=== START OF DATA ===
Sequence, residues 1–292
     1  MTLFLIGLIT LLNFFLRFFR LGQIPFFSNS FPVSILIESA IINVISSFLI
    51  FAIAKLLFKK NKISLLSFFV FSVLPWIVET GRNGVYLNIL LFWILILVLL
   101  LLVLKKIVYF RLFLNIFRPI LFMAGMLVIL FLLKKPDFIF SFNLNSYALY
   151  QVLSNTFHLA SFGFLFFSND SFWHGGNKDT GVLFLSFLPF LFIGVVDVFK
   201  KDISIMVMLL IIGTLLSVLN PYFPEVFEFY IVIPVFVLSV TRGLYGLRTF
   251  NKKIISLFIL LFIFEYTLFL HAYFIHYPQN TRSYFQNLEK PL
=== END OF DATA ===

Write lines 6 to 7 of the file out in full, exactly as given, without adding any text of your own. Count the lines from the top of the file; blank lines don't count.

   201  KDISIMVMLL IIGTLLSVLN PYFPEVFEFY IVIPVFVLSV TRGLYGLRTF
   251  NKKIISLFIL LFIFEYTLFL HAYFIHYPQN TRSYFQNLEK PL